Tropic Thunder Review

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A bunch of movie stars shooting a Vietnam war movie are dropped off in a real-life jungle to offset the escalating budget. It’s not long before guerrilla filmmaking turns into genuine guerrilla warfare…


There was a time when comedy was the cheap and cheerful genre. Sure, when the Murphys and Carreys hit the mega-big-time, they’d eat up a majority of the budget ($5,000 per gurn or fart), but that aside, all you needed was a rib-cracking script and a well-stocked prop room: custard pies, water spritzers, fake jism, puppet gophers… These days, however, comedy’s become an expensive business. Last year we had the FX-stuffed flop Evan Almighty, in which there was more CG than jokes. This year it’s Tropic Thunder, which looks like it’s incinerated half a jungle to bring you its laughs. And in terms of looks, at least, it’s money well spent.

In his effort to properly pastiche the action/war genre, director Ben Stiller has hired esteemed lensman John Toll, a man whose style of cinematography is best exemplified by the rippling visual poetry of Terrence Malick’s The Thin Red Line. A gag about a mistimed pyrotechnic climax (inspired, surely, by the legendary tale of Sergio Leone’s bridge-blowing cock-up while shooting The Good The Bad And The Ugly) results in a chain-explosion that tops Apocalypse Now’s symphony in napalm; a pisstake of the clichéd ‘control-room’ cutaway is harshly uplit and cobalt-tinged to perfectly mimic Tony Scott or Michael Bay’s slickest melodramatics. This has to be one of the best-shot comedies ever made, and is visually leagues ahead of anything Stiller has ever done before. But when it comes to the characters and - crucially - the gags themselves, Stiller squats on very familiar territory.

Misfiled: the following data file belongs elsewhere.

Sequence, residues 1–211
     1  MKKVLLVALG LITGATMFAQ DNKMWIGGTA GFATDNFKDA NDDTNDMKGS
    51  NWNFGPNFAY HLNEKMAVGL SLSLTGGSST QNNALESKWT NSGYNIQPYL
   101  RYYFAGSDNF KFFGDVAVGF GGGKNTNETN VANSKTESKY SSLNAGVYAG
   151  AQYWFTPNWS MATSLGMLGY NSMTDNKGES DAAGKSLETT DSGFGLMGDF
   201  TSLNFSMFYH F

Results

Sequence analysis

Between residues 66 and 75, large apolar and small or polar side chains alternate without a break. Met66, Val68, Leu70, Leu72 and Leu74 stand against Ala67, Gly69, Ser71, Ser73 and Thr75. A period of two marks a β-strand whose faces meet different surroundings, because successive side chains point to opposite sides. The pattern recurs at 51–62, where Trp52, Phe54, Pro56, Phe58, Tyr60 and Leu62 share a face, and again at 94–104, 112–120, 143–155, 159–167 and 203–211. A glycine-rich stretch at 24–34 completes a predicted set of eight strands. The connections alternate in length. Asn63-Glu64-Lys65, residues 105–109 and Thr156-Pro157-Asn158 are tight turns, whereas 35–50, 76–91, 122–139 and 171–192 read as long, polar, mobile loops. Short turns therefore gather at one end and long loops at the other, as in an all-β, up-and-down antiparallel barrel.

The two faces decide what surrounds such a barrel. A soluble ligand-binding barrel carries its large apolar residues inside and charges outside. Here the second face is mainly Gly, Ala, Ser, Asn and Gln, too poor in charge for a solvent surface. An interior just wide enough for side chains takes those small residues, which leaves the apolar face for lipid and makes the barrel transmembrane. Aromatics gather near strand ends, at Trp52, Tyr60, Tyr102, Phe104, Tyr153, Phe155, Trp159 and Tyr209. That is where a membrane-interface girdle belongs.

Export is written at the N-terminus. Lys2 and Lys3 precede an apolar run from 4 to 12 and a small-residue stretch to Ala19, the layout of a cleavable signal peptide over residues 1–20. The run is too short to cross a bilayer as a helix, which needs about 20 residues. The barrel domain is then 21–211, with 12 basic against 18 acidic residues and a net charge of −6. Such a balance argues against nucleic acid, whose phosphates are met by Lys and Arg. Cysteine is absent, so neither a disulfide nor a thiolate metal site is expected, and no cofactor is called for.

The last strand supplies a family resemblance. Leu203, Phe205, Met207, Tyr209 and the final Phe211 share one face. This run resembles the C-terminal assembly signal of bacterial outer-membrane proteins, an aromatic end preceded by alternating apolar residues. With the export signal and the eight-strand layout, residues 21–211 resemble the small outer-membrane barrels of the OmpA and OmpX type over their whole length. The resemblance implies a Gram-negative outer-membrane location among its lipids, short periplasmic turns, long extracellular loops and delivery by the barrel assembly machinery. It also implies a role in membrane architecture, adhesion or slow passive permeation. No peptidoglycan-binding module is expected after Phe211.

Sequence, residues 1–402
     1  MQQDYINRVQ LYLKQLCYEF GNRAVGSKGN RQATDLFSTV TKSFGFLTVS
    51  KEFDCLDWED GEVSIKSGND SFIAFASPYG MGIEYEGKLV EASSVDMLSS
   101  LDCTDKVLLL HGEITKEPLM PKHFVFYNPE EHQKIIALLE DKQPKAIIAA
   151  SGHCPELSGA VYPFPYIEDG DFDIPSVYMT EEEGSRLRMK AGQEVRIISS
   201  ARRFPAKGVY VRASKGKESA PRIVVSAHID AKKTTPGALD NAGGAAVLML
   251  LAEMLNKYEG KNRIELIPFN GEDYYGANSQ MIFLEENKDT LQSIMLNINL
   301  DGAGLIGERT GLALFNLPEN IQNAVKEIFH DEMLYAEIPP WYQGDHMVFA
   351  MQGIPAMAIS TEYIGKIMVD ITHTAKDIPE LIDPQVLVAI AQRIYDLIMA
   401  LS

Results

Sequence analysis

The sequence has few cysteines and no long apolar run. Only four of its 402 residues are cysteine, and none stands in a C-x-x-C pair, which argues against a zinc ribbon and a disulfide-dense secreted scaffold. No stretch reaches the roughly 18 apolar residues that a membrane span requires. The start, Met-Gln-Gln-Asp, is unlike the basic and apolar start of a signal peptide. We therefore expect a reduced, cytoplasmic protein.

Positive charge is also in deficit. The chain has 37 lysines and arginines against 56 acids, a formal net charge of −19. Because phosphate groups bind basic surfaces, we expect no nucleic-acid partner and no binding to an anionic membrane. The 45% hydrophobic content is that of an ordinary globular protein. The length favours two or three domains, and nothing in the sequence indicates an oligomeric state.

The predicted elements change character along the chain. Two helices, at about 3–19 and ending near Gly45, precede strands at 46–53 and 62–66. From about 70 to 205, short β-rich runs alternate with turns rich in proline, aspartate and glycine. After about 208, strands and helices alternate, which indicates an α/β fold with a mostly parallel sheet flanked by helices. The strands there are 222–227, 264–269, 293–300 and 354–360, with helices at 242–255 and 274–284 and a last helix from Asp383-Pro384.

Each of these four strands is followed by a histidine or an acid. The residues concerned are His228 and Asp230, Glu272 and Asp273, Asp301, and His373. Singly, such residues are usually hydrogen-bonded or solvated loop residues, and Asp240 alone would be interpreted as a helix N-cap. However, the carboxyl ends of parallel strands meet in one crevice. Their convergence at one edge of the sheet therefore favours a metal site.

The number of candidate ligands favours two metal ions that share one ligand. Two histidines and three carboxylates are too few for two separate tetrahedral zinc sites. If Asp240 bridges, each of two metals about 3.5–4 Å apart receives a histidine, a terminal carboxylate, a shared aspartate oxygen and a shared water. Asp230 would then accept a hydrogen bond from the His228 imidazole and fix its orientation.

A neat trio of fake trailers introduces the three main players: action meathead Tugg Speedman (Stiller), rotund funny-guy Jeff ‘Fats’ Portnoy (Jack Black), and Australian Oscar-magnet Kirk Lazarus (Downey Jr.), who gets the first big laugh with his teaser for Satan’s Alley, a period tale of forbidden love between medieval monks in which Lazarus and Tobey Maguire (“Co-winner of the MTV Best Kiss Award 2002”) exchange lustful glances and hungry lip-twitches as they fondle each other’s rosaries to the cheesy Gregorian-breakbeat of ’90s dance pompsters Enigma. These trailers are a good indication of what’s to follow in the main feature: Downey Jr.’s Lazarus doesn’t just get the first big laugh; he gets the only big laughs. Black’s Portnoy is a waste of script-pages. Aside from a graphic monologue about what specific acts of fellatory degradation he’ll perform for a “drug” fix (it’s never quite made clear what precisely is his white powder of choice - or rather, compulsion), Black has little to do other than act strung-out, pass wind and do his red-faced, bug-eyed schtick, while loosely sending up the late Chris Farley (a reference that won’t mean much to the majority of British viewers). It’s also hard to see precisely how Fats fits in; if there’s a good joke in the process by which a Farley-esque comedian is cast in a supposedly serious war movie, it’s not told here.